NFC Readers

NFC readers are the active components in NFC transactions. They can read and write cards and tags, interact with NFC phones and enable communication from device to device. We have the broadest portfolio of high-performance NFC readers, fully supporting the MIFARE® ICs.

Depending on your system architecture, choose from one of these three reader types:

  • Programmable NFC Controller: These highly integrated devices combine an NFC frontend with a freely programmable 32-bit Arm® Cortex®-M0 microcontroller. They are the optimal solution for very compact footprints and function as your main system microcontroller.
  • NFC controller with integrated firmware: These plug-and-play solutions combine an NFC frontend with a 32-bit Cortex-M0 microcontroller equipped with integrated firmware, and are optimized for use with application processors. They come with Linu, Android, and WinIoT drivers, and include an NCI interface.
  • NFC Frontend: These NFC devices are the most flexible way to add NFC connectivity to a system. The NFC stack runs on the separate system MCU. All our NFC frontends are supported by our NFC Reader Library, so design-in is fast and easy.

Recommended NFC Reader ICs

NFC Antenna Design made easy

Learn how NXP is making it easier for designers to get one step ahead in their NFC products with our new NFC Antenna Design Tool.

The most crucial part about designing an NFC reader is its antenna. The optimum read range and reliability of your NFC device highly depends on the underlying antenna design.

Planning your requirements is always a good way to start

The right antenna depends on the application’s requirements. Start by asking yourself what are the “must-have” requisites and then add the requirements that are not essential but “nice to have.” Next, you also have to consider the form factor and features of your end product in relation to the available space and boundary conditions for the NFC antenna. Starting with such a list should help you to better understand the antenna design you need. For example, if you want to have maximum read range, you can’t go for a very low power design at the same time.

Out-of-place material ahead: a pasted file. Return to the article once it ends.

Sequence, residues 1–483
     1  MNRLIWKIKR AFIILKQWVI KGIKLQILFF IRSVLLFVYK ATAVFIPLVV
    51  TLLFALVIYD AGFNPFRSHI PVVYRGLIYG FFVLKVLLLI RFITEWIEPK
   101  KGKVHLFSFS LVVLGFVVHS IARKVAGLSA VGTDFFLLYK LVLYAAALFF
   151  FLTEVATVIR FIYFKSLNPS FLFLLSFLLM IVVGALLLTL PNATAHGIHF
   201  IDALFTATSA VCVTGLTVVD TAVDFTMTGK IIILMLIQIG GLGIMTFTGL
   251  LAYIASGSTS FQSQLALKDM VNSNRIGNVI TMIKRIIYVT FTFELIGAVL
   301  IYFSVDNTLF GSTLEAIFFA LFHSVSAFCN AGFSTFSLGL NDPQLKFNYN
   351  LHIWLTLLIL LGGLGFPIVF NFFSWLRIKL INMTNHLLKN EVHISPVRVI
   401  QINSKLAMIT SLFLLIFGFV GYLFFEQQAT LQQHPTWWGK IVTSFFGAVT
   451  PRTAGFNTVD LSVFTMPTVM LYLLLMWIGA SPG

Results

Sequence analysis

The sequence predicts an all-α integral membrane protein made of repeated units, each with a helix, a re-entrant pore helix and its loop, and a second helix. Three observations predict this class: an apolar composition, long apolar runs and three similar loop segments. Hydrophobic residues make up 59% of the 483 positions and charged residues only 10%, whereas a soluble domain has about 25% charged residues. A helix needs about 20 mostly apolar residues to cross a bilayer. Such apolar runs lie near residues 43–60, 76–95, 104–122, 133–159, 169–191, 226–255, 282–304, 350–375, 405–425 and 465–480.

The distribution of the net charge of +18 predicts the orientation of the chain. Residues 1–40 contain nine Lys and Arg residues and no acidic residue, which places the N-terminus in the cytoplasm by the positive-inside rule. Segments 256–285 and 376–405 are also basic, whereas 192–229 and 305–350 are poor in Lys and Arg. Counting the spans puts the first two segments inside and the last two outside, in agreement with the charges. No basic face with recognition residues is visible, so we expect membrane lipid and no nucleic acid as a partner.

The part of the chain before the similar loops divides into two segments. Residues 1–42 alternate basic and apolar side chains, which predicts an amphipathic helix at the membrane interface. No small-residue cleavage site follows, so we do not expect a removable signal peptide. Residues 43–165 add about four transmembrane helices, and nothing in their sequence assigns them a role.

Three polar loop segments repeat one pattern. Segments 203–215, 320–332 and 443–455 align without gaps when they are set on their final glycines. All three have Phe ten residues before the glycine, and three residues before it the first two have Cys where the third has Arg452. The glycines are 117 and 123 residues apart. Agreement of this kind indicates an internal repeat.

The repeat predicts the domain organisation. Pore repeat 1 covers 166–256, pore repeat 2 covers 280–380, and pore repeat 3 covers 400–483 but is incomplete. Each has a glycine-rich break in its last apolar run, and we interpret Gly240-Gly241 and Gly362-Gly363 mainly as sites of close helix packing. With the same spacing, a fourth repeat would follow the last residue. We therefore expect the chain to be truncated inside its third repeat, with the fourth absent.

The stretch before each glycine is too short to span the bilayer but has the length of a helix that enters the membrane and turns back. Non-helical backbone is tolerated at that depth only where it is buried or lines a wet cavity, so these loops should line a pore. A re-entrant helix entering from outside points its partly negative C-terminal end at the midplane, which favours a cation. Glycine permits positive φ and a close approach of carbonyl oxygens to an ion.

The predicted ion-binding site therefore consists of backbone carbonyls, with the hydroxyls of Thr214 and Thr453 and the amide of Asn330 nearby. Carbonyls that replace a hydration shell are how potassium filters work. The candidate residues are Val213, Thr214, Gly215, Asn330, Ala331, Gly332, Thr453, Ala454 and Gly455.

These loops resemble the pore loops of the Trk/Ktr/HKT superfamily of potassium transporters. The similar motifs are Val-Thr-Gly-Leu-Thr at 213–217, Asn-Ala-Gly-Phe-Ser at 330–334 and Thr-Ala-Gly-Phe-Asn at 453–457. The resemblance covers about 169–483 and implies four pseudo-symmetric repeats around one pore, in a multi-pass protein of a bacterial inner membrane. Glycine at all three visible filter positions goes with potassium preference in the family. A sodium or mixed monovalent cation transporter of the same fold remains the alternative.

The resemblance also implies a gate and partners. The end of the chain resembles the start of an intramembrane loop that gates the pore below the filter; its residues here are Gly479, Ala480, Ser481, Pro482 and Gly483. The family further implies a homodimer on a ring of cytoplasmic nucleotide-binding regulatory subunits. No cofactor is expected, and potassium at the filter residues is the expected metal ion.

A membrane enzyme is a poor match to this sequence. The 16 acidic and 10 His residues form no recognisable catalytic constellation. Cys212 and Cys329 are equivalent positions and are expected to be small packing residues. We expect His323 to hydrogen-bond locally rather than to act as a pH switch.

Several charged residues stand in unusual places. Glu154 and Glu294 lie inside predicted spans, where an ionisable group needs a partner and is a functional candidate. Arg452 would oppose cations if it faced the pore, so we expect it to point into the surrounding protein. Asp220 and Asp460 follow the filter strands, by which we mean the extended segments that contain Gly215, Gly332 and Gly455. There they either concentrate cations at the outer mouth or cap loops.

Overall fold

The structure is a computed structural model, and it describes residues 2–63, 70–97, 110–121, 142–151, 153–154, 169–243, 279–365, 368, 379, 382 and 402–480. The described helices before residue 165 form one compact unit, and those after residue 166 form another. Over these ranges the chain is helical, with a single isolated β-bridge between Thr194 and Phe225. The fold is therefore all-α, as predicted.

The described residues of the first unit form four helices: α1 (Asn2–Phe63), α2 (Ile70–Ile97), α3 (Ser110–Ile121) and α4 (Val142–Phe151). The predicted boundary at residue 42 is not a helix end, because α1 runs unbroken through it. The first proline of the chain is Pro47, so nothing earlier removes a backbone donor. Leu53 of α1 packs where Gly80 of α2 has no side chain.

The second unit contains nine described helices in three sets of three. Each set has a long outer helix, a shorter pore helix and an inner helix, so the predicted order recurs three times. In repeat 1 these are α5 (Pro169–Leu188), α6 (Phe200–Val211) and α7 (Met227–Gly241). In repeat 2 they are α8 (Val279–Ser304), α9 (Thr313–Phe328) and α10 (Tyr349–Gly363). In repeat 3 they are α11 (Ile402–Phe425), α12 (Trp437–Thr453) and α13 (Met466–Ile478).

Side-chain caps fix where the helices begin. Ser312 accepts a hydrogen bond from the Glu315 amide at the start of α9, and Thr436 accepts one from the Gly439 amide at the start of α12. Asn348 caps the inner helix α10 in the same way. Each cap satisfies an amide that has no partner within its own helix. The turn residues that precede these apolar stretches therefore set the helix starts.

The size of an RFID/NFC antenna defines the operating distance

In general, the larger your antenna size, the longer the reading distance. Similarly a smaller antenna will give you a shorter read range. However, sometimes a small antenna with a long operating distance chip can also have longer read range. So in principle, your antenna size should be the perfect matched reader and antenna.

There are different shapes of NFC antennas. Each one of them has their own specific purpose.

  • Chip Inductor: The Chip Inductor antennas are very efficient in close coupling, and perform better in a metal environment.
  • Rectangular NFC Antenna: Rectangular NFC antennas provide good overall performance with good operating volume. They can become weak in a metal environment.
  • Round NFC Antenna: The Round NFC antenna has similar features as the rectangular antennas with good overall performance and operating volume. The round antennas are particularly useful for circular and round wearable devices such as wristbands, watches and more.

So which one is the right shape for you? Well, the answer is that there is no single best antenna for each use case. If your antenna gets larger than the optimum size, then the performance might deteriorate.
When trying to get the best performance for your NFC antenna, you might wonder how many turns you should choose. However, in practice the number of turns has no impact on the coupling. You can’t really get more operating distance by increasing or decreasing the number of turns.

Get one step ahead with NFC Antenna Design Tool

A good antenna design from the start can help you to save time in the overall design process, consequently reducing time-to-market. To help you get started, NXP has launched a new NFC Antenna Design Tool. The tool has a variety of parameters, which you can modify to simulate your desired antenna design principle. You can enter values in the Antenna Coil Parameter area to define the outer dimension of the antenna such as length, width, track thickness, etc.

With these parameters, you can now do the antenna synthesis. The antenna synthesis basically derives the key parameters for the antenna coil, which includes mainly the inductance, and also other variables such as the capacity, resistance (loses of the antenna), self-resonance frequency (as an estimation to see whether the antenna can be easily tuned or not).

Once you have the parameters for the antenna coil, you can simply choose the Reader IC, which will give you the recommended values for the Antenna Tuning. Then, by doing the tuning you can obtain the starting values for the tuning circuitry. And, you are done!

Next step – NFC Antenna Design Hub

So here we discussed some of the common concerns about NFC antenna design. To get more in-depth knowledge, you can visit the new NFC Antenna Design Hub. This hub is a comprehensive portal of resources, application notes, on-demand training and more materials to provide you everything you need to learn more about NFC antenna design. You can also download the NFC Antenna Design Tool for free!

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